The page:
How much Pin Clearance is needed?
How much Pin Clearance is needed? No matter what material the wrist pin is made of, or how thick the wall is, pins experience some amount of deformation while your engine is in use. It is the same for the piston, no matter the thickness, or design (round style or boxed), they also experience a given amount of deformation while the engine running. If there is not sufficient pin clearance, both in the piston pin bore and the float clearance between the pin locks (“end play”), the engine may experience hampered ring seal, scuffed / galled skirts, galled pin bores, overheated wrist pins, lock failure, and even cracked, or broken pistons.
There must be sufficient pin clearance, so the piston can rotate freely while it is under compression, ignition pressure, and during the “pull and push” from top dead center, and bottom dead center. If the piston doesn’t rotate freely, the rings cannot slide unhindered in and out of the ring grooves during piston rock at top dead center, or bottom dead center. This causes the compression ring to be “rolled” off its oil film “hydro-seal”, hampering draw on the intake stroke, and seal on the compression / power stroke.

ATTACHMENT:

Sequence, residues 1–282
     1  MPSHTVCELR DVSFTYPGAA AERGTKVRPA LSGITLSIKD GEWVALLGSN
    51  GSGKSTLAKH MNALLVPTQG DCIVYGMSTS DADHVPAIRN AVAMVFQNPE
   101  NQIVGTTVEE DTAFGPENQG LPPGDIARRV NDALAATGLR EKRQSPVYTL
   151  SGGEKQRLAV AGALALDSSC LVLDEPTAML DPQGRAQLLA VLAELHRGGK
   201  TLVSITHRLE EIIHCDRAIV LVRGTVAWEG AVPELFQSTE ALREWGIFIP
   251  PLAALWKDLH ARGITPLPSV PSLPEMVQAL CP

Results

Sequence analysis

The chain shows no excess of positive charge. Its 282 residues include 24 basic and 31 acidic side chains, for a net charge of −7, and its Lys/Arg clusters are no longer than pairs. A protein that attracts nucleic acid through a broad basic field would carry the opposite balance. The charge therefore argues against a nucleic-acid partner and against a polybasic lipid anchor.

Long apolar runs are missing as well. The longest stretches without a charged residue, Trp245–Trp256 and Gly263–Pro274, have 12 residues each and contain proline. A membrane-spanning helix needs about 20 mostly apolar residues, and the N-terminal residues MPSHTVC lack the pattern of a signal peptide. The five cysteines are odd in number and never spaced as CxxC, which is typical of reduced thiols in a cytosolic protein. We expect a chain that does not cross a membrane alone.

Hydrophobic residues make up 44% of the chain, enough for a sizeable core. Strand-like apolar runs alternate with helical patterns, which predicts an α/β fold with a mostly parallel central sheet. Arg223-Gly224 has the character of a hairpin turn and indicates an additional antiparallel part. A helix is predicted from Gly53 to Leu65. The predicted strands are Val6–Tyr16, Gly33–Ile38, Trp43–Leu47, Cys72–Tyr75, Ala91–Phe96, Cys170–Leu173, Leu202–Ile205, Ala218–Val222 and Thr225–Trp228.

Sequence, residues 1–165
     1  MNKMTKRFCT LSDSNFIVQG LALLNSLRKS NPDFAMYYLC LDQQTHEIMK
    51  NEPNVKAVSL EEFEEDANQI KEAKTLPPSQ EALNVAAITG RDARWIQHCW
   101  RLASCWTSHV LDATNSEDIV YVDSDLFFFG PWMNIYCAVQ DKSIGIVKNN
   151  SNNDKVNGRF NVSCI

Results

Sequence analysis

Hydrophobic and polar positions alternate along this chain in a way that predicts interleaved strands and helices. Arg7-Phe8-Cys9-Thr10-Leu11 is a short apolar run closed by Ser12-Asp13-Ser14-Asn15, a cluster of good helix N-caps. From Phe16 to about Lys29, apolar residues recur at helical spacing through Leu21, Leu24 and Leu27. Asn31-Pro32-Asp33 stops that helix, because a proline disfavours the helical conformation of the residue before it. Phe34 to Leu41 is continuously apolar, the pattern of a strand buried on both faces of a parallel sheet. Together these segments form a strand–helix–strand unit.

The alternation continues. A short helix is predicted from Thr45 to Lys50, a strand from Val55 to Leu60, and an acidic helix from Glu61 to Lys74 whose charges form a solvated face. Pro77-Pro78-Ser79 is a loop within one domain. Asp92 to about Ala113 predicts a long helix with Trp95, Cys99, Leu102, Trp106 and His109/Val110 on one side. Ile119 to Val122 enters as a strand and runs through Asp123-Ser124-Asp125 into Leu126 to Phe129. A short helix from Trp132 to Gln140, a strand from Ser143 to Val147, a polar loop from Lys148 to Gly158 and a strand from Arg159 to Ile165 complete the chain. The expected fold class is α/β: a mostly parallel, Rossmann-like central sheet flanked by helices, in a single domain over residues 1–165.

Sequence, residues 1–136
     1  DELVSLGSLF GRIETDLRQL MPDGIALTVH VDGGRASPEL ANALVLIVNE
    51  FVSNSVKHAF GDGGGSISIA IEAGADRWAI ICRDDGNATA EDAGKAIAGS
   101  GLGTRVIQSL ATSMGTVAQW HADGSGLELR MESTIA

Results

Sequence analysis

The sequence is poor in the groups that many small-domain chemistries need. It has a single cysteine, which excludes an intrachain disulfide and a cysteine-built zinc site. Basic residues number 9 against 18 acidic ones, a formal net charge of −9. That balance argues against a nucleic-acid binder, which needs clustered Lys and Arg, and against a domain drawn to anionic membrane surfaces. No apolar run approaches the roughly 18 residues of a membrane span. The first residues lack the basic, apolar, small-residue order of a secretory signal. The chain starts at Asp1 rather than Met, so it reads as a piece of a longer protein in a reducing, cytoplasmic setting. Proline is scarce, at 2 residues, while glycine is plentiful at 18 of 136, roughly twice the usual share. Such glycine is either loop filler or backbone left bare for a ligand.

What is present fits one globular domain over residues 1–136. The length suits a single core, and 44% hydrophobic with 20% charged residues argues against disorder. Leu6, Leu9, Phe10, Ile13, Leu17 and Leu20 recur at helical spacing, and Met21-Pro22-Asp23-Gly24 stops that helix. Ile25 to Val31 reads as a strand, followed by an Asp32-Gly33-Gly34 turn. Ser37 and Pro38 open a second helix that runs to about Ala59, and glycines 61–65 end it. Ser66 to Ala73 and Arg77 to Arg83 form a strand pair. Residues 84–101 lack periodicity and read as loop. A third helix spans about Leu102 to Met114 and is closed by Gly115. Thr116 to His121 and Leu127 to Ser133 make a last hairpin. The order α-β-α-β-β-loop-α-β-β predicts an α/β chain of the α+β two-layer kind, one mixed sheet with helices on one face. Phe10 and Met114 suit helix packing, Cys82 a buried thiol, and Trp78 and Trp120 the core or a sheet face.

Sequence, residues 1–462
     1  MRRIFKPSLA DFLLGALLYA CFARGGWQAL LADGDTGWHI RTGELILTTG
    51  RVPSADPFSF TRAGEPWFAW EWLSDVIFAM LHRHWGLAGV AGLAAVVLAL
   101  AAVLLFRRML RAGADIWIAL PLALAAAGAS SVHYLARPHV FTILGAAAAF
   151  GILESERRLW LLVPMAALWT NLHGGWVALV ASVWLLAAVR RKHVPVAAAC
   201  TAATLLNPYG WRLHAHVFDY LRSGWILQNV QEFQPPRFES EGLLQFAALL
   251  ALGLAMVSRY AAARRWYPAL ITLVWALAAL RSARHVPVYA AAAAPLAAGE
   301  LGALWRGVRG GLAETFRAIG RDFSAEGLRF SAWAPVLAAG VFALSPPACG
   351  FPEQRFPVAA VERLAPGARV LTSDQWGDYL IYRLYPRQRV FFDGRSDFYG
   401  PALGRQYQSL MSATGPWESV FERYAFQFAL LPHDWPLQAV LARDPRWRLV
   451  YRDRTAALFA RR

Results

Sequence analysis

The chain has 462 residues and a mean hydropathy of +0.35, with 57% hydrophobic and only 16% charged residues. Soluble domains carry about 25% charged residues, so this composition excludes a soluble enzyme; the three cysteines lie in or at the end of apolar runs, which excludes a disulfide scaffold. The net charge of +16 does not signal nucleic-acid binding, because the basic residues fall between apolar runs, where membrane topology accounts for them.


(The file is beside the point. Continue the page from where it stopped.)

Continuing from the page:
This same “ring rolling” also prematurely wears out the second rings tapered face, slowing down its ability to “wipe” oil from the cylinder wall, leading to oil control issues.
When the pin is binding in the pin bore during the direction change as the piston is pulled from top dead center, or pushed from bottom dead center, the piston can’t rotate freely, so the skirts can’t be unloaded from the cylinder wall, and can be severely galled. In our experience, the pin encounters the most deflection while being pulled from top dead center, leaving defined witness marks and hone burnishing just inside of the lock grooves. When the wrist pin is deflecting and turned into an “arc” it gets shorter on the inside arc, and longer on the outside arc, and that is why the wrist pin needs “float” clearance between the locks.
If this float clearance is insufficient, the pin will overload against the locks, trying to rotate and push them out. You will find piston material “pushed” up outside of the lock grooves, requiring deburring before disassembling, or worse yet, a cracked piston, and /or lock failure. So... how much pin bore, and pin float clearance is enough? Enough clearance to alleviate all the issues mentioned above, but for each individual scenario these clearances can be as varied as the engine combinations. It is best to consult your CP-Carrillo sales tech who have decades of combined experience with this all-important variable in piston design.